Japanese Listening Practice on YouTube 📺 🎧

I’ve been focusing on listening practice quite a bit over the past month or so while also preparing for the JLPT in December, and during the process I’ve been using a few YouTube channels that are useful for listening.

I’m sharing each channel I have used below with an explanation, along with a video or two that I recommend to get an idea of what the channel offers.

Practicing

During active practice, if I’m having trouble understanding the video, I usually follow these steps which were recommended to me by my italki conversation partner to improve listening ability:

  1. Watch the video with English subtitles (if available) to get the gist of the video.
  2. Watch the video again with no subtitles.
  3. Watch the video again with Japanese subtitles.
  4. Watch the video again with no subtitles.

If the speech is too fast, I’ll usually drop the playback speed to 0.75x until I’m confident enough with the video to move it back to full speed.

For passive listening practice (e.g. listening while working), I’ll typically set the video to loop and put it on 0.75x speed and listen to the same video consistently for an hour or two trying to pick up as much as I can.

Recommendations

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Onomappu - Hitoki’s channel is focused on explanation of various onomatopoeia in Japanese and exposure to everyday spoken Japanese. He speaks entirely Japanese in his videos, and his Japanese is very clear and easy to understand. Most of the videos have subtitles for 10+ different languages as well. This has recently been my go-to channel for listening practice.

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Miku Real Japanese - Miku’s channel focuses heavily on Japanese Grammar, but she has many different videos that are great for listening practice where she either talks with a friend or speaks directly to the camera.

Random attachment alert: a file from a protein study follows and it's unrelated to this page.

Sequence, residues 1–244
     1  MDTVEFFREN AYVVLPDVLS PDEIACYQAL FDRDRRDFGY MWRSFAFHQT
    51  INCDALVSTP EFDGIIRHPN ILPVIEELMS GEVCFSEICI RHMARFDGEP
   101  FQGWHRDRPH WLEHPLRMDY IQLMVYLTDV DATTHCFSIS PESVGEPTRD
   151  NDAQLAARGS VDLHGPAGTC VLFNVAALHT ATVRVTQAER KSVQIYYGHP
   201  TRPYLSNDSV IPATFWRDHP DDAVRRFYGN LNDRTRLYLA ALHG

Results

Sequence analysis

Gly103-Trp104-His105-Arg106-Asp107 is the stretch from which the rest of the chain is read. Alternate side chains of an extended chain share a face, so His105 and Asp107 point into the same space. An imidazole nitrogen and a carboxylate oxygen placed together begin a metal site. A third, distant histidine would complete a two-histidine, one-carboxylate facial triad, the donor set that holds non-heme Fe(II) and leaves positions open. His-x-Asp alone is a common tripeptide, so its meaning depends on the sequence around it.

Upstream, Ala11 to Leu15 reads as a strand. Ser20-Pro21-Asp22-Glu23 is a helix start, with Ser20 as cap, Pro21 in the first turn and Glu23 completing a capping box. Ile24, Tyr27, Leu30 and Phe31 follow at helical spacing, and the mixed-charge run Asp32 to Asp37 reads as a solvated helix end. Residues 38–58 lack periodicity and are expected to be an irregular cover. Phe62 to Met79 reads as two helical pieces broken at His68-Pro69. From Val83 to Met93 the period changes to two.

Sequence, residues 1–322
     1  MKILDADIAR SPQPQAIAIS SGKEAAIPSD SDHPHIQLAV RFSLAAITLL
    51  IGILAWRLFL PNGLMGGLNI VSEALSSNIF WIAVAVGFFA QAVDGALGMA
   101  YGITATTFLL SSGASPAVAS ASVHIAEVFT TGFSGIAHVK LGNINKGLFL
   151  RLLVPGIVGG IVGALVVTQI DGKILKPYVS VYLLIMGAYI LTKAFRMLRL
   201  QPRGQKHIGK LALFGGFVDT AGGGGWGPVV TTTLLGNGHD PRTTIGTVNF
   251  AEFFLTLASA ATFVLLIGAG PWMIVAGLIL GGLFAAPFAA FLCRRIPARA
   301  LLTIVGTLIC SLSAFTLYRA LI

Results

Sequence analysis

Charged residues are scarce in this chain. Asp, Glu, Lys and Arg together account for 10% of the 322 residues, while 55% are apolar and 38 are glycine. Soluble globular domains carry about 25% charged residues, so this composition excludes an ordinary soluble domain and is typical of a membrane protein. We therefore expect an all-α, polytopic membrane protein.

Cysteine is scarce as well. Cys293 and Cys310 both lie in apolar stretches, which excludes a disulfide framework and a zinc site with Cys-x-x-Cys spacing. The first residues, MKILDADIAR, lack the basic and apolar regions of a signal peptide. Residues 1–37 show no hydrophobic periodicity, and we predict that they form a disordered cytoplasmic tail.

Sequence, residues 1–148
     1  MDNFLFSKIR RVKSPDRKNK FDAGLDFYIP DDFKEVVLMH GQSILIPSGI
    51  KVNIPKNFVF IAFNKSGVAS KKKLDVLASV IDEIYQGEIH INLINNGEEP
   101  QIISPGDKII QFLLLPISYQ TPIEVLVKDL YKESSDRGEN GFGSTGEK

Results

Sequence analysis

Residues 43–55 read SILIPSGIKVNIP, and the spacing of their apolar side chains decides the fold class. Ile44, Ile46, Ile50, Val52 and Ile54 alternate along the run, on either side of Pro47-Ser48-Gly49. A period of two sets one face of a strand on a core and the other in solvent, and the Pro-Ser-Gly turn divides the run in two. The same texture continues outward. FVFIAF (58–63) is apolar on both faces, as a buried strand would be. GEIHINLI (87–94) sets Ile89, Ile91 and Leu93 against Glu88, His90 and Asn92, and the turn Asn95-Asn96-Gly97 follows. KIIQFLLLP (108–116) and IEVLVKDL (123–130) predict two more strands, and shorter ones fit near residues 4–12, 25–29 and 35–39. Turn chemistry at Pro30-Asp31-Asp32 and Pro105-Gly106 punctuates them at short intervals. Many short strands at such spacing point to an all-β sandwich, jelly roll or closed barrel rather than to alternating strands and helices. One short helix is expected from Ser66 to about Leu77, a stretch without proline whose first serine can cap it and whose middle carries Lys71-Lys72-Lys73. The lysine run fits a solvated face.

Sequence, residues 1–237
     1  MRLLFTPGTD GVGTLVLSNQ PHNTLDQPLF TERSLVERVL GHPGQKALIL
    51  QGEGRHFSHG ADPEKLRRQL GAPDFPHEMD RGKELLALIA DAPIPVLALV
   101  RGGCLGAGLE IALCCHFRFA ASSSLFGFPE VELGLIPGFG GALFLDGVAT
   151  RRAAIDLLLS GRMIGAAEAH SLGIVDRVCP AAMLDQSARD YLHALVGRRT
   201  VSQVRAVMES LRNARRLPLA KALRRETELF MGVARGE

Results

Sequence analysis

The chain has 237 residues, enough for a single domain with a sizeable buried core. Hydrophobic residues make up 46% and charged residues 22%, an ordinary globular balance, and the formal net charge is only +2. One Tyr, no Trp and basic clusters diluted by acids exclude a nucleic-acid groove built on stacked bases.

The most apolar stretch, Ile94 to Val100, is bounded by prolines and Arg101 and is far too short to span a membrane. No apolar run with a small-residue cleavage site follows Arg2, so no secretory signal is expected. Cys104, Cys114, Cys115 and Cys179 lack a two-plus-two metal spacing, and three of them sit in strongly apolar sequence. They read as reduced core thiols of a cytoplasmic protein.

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Learn Japanese with Tanaka san - This channel has cartoon-based YouTube videos targeted at learners, and has many different videos that target listening, grammar, slang, and various other Japanese topics. The “Tanaka Radio” videos on this channel are excellent for listening practice.

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もしもしゆうすけ - This YouTube channel has two main series. For the first one, he walks around Japan and talks about certain topics in Japanese. The other includes normal Japanese conversation with another person. Both formats have subtitles for all Japanese (and usually translations as well).

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あかね的日本語教室 (Akane’s Japanese Classroom) - This channel is mostly Vlog based where Akane walks around Japan and discusses various topics.

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Comprehensible Japanese - This channel has videos for beginners to intermediate learners. The format is usually a story or discussion entirely in Japanese and each video is labeled between Complete Beginner, Beginner, or Intermediate.

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Japanese Ammo with Misa - I’m sure most people are familiar with Misa’s channel, it has an absolute wealth of information about grammar with lots of examples. She has quite a few videos on her channel that focus solely on listening as well.